Fury, the reigning WBO and WBA heavyweight champion, announced his retirement on Twitter on Monday before reversing his decision three hours later, insisting he was “here to stay”.
That came after more damaging headlines last Friday when it was reported he had tested positive for cocaine, just a week after he withdrew from a rematch with Wladimir Klitschko because he was unfit to fight. Fury’s camp have so far refused to comment on the cocaine allegations.
Bellew, who defends his WBC cruiserweight championship against BJ Flores on October 15, believes Fury is struggling with mental health issues and is concerned for his welfare.
“I think it is very, very sad, he has got a mental illness, without a shadow of a doubt,” the Liverpudlian told Press Association Sport. “I know Tyson and his father and his uncle. They are some very good people, who I know, honest men, straight people.
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“I am not condoning what Tyson Fury has done. If this cocaine thing is true, then it is absolutely disgusting what he has done. He deserves a long ban.
“I feel for him at this moment in time, I really do. There are clear reasons why he is doing what he is doing and I can only wish him well and pray to god that he comes out on the other side of this safely.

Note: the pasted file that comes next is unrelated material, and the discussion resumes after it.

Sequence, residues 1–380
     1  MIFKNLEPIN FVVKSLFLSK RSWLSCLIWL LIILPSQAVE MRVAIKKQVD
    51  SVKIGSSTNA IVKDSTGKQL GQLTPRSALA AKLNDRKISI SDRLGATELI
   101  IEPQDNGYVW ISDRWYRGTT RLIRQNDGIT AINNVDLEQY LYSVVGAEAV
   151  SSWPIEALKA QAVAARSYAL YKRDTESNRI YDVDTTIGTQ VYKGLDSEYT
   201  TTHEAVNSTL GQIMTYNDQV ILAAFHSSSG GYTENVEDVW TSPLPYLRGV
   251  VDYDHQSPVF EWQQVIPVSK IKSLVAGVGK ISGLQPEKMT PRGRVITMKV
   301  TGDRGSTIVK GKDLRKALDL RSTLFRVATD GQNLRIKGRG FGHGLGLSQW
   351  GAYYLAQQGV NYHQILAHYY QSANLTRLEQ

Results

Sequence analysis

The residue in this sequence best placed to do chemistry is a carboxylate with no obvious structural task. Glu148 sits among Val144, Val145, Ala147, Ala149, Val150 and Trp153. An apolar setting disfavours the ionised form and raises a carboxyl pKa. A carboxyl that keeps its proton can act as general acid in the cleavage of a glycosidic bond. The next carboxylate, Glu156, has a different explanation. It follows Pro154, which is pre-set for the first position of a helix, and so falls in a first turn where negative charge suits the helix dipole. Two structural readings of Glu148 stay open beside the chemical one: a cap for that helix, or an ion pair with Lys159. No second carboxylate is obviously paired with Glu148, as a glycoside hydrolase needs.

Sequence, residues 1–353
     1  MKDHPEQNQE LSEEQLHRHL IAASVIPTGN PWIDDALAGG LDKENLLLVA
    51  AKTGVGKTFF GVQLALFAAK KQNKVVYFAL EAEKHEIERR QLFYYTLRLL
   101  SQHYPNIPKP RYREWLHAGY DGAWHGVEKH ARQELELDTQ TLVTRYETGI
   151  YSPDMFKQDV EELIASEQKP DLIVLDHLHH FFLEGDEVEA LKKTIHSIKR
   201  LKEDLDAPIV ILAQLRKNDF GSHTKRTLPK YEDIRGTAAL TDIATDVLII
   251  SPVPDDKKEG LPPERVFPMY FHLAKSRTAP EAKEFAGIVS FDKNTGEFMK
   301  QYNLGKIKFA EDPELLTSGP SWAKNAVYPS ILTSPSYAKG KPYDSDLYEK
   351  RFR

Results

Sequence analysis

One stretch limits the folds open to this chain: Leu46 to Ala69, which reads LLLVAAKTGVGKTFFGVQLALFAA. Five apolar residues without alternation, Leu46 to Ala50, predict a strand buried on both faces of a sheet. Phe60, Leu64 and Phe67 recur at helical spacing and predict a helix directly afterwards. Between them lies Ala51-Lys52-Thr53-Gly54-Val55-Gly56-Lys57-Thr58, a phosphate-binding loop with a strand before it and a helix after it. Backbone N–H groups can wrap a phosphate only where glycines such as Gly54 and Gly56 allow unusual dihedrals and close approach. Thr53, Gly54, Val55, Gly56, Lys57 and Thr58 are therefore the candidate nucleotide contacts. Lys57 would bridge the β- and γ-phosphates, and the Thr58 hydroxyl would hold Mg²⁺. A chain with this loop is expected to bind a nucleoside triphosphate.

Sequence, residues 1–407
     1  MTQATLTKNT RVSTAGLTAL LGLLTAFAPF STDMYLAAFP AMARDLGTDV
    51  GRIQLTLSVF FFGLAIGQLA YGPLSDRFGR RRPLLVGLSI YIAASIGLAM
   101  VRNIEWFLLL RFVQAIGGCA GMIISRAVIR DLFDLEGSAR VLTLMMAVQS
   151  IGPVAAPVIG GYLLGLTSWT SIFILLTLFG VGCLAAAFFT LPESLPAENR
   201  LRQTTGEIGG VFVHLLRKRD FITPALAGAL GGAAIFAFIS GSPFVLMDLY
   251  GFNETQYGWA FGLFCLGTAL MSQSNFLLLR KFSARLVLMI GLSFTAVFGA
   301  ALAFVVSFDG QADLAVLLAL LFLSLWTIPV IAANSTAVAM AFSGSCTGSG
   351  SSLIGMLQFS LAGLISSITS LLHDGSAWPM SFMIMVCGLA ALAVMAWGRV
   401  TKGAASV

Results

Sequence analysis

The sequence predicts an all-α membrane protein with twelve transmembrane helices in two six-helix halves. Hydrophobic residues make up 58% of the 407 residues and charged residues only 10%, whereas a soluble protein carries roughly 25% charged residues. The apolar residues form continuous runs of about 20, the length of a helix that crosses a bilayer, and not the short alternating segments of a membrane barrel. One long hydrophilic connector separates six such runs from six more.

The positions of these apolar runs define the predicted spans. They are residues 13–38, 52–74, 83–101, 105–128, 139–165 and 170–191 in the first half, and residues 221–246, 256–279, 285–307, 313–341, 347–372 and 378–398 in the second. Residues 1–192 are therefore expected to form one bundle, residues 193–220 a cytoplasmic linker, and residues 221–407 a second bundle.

“It’s just sad, this lad is a father and husband. He has got people who care about him very much.
“His wife loves him, his children need him, I just hope that he comes home safe and does nothing silly because in the frame of mind he is in at the minute, he’s not stable and they are worrying times.
“He is doing a few foolish things, it is sad. I believe the media set out with an agenda the minute he became a rich man, they set out to destroy him and they have done it.
“He has contributed to a lot of that himself with the actions he has taken, the things he does on Twitter - it is stupid.
“He will look back at this when he grows up and he will be ashamed of himself. But ultimately we need to put that on the back burner and get him what he needs, which is help. Don’t snarl or turn your nose up to people with mental health problems.”